Latest posts by Lovetogarden

Hissing Bees??

Posted: 15/08/2012 at 12:35

That's just great, I'm pleased you have found the cause of the hissing, and you escaped unharmed, could have been very nasty. At least you won't have any problems with pollination although I suppose its a little late in the year for that now. I have been following this thread with interest, good to know the outcome.

Fork Handles

Posted: 15/08/2012 at 12:29

Geoff---  Happy Birthday to you( you'll have to image the singing) have a lovely day.

I've just been on the GW presenters forum, I would say Dovefromabove is just ahead on points, I think they will need a referee. As you say very spikey, but interesting. keep us up to date with any developments.


What's the weather like in your area?

Posted: 15/08/2012 at 10:45

Lincoln  --   Wind has got up, does that mean we will get the promised rain? so far today it is lovely sunshine. I was out at the crack of dawn, well 8.30, to do some dead heading to beat the rain, I thought. What ever the weather, have nice day.

August in your garden...

Posted: 15/08/2012 at 08:23

Gary, beautiful photos and such good quality too, mine a bit grainy, can't get a clear picture, must be the camera.



Our garden has had mixed fortunes this year, the veg garden has not been up to the usual standard, but we have had some good potatoes, runner beans and soft fruit.Things have improved since the warmer weather arrived.  The flowers borders and climbers have gone mad as you can see from the photos.

 Clematis Huldine, just the lower flowers,

 Honeysuckle and Golden Leaf Jasmine on fence in veg garden

 Hydrangea and hardy fuchsia in gravel garden at back of house.

 Gazebo in side garden where we sit and have a drink

We could now do with a day of gentle rain to replenish water supply in butts, and give the garden a good drink.

Fork Handles

Posted: 14/08/2012 at 11:17

Geoff.     Very funny I can't resist, my curiosity gets the better of me and away I go, more money spent, but nothing ventured as they say.

Have a nice day, will be back later but now MUST do some work!!!!!

Fork Handles

Posted: 14/08/2012 at 11:09

Sotongeoff. It's call a snail vine because the flowers resemble a snail shell so the description says, I might just give it a whirl to satisfy my curiosity. Sympathy goes out to all you bite sufferers, vinegar does seem to work, but I find they usually have to get better on their own no matter what you do.

In the Daily Mail this morning there is a gadget that zaps the bite with electrical impulses call Zap-It (very apt) from amazon for £4.19 supposed to help stop the itching.

Fork Handles

Posted: 14/08/2012 at 08:22

Good morning all.

Talking of snails I have just been browsing the T & M website for ideas for next year and found some seeds for Snail Vine. I have never heard of it. Very pretty climber related to the bean family, but the name is a bit off putting, Mind you better to grow snails than have to get rid of the real thing.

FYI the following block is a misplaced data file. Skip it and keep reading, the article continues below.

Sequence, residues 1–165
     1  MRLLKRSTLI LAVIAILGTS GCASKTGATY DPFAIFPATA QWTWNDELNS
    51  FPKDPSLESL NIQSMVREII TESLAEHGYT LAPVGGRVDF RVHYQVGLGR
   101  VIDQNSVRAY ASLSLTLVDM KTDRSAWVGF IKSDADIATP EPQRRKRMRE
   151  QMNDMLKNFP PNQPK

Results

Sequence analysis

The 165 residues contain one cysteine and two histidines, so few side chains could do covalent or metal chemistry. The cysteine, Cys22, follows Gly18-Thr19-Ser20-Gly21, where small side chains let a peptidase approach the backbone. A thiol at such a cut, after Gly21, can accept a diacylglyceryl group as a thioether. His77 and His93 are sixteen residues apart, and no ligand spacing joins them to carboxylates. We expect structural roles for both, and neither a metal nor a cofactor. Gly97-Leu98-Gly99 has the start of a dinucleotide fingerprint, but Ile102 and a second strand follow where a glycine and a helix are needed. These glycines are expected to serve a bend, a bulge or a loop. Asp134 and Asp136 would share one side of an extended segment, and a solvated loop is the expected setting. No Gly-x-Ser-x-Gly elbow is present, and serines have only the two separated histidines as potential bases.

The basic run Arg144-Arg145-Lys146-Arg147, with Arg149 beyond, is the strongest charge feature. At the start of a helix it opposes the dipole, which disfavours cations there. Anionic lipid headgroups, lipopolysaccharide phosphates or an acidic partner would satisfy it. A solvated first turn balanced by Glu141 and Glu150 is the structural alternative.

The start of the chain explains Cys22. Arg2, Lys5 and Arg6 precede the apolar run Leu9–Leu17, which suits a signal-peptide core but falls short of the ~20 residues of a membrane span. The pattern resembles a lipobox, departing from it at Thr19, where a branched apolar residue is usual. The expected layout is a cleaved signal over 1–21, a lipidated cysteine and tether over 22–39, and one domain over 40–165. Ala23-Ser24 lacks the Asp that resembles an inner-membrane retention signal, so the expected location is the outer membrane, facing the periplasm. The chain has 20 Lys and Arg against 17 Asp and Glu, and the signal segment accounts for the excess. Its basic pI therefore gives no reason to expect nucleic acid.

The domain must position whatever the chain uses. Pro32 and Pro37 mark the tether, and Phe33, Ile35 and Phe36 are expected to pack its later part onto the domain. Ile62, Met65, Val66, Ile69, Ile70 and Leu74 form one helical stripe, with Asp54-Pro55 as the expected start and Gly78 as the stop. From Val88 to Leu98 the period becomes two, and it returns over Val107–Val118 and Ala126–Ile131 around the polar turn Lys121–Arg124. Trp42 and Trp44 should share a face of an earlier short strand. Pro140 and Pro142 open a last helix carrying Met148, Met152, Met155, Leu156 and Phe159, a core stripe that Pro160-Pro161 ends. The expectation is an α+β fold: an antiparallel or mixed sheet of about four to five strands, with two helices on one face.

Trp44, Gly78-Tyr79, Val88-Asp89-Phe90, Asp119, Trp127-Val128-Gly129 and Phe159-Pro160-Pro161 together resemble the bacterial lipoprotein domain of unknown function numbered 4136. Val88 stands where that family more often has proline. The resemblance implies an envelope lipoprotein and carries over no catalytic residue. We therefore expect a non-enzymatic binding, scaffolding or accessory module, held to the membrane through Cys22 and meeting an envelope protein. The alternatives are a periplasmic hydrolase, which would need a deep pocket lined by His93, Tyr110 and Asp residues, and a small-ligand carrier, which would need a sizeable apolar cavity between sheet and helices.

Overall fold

The poor old rabbit - off to the happy munching ground in the sky. he'll do less damage there than in your garden

Jean Riley -Any sort of insect seems to bite me, so you have my sympathy, my OH just says "Oh they never bite me", bully for him!  it's not funny when you swell up and itch

What's the weather like in your area?

Posted: 14/08/2012 at 07:22

Nr. Lincoln.  We have had a drop of rain overnight, not enough to do any good, grey and dull at the moment, but warm, as my Dad used to say "good growing weather". Hope to be able to cut down the Shasta daisies, as the flowers are past their best, and do a tidy up later when things dry out.

Get Rid of your Lawns

Posted: 13/08/2012 at 22:38

We got rid of the one small area of grass at the back of our house because it just too shady and always full of moss no matter how much attention we gave it. We replaced it with gravel and made several features with reclaimed terracotta tiles, a small patio, and a raised bed at the back with an ornamental hedge, so that the gravel doesn't dominate.. The gravel hardly takes any looking after as anything that seeds is easily pulled up or transplanted we do not use weedkiller . In another part of the garden we have retained a small lawn which is fed and weeded Spring and Autumn. Because it gets adequate light and water it looks good. Mown about once a week. Bob Flowerdew is an organic gardener who uses all sorts of reclaimed things in his garden,old tyres, wash tubs etc. I wouldn't want that in my garden, but each to his or her own. My small lawn stays.

Fork Handles

Posted: 13/08/2012 at 18:49

Sotongeoff, How about" I'm just sitting watching flowers in the rain", can't remember who sang it, was it the Strawbs? As for curtain twitching, go for it, you need to know who you prospective new neighbours might be, forewarned etc.

Nor having any tea tonight, as we have been gallivanting around Nottinghamshire/Derbyshire and stopped off for a cream tea at Tuxford Windmill tearooms,mmmm,  maybe have something later

Discussions started by Lovetogarden

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Mallard raiding bird table. 
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Changing leave colours during the year. 
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Giant Beetroot.

Can anyone beat this for size 
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Viburnum Bodnantense. " Dawn".

Is any one elses flowering now. 
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Vales Emerald Potatoes.

Whats you experience of growing this variety of first early. 
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Huge plant. 
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Last Post: 22/04/2013 at 16:05
7 threads returned